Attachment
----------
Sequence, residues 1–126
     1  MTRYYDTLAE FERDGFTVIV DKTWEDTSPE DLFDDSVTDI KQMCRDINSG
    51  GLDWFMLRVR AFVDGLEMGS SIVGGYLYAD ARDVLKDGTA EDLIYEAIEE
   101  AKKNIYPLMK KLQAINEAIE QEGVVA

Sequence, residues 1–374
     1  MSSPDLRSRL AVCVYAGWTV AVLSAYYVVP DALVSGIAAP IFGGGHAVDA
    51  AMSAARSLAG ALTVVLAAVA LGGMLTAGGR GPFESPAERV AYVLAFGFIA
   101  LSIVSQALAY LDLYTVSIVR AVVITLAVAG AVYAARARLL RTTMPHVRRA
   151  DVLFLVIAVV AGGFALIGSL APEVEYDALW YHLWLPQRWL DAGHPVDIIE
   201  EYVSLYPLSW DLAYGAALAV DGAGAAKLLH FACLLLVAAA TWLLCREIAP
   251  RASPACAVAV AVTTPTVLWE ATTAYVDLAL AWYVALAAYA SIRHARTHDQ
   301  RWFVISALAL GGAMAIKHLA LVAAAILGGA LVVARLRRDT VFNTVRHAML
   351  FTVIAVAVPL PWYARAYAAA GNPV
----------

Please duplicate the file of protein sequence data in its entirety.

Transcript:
Sequence, residues 1–126
     1  MTRYYDTLAE FERDGFTVIV DKTWEDTSPE DLFDDSVTDI KQMCRDINSG
    51  GLDWFMLRVR AFVDGLEMGS SIVGGYLYAD ARDVLKDGTA EDLIYEAIEE
   101  AKKNIYPLMK KLQAINEAIE QEGVVA

Sequence, residues 1–374
     1  MSSPDLRSRL AVCVYAGWTV AVLSAYYVVP DALVSGIAAP IFGGGHAVDA
    51  AMSAARSLAG ALTVVLAAVA LGGMLTAGGR GPFESPAERV AYVLAFGFIA
   101  LSIVSQALAY LDLYTVSIVR AVVITLAVAG AVYAARARLL RTTMPHVRRA
   151  DVLFLVIAVV AGGFALIGSL APEVEYDALW YHLWLPQRWL DAGHPVDIIE
   201  EYVSLYPLSW DLAYGAALAV DGAGAAKLLH FACLLLVAAA TWLLCREIAP
   251  RASPACAVAV AVTTPTVLWE ATTAYVDLAL AWYVALAAYA SIRHARTHDQ
   301  RWFVISALAL GGAMAIKHLA LVAAAILGGA LVVARLRRDT VFNTVRHAML
   351  FTVIAVAVPL PWYARAYAAA GNPV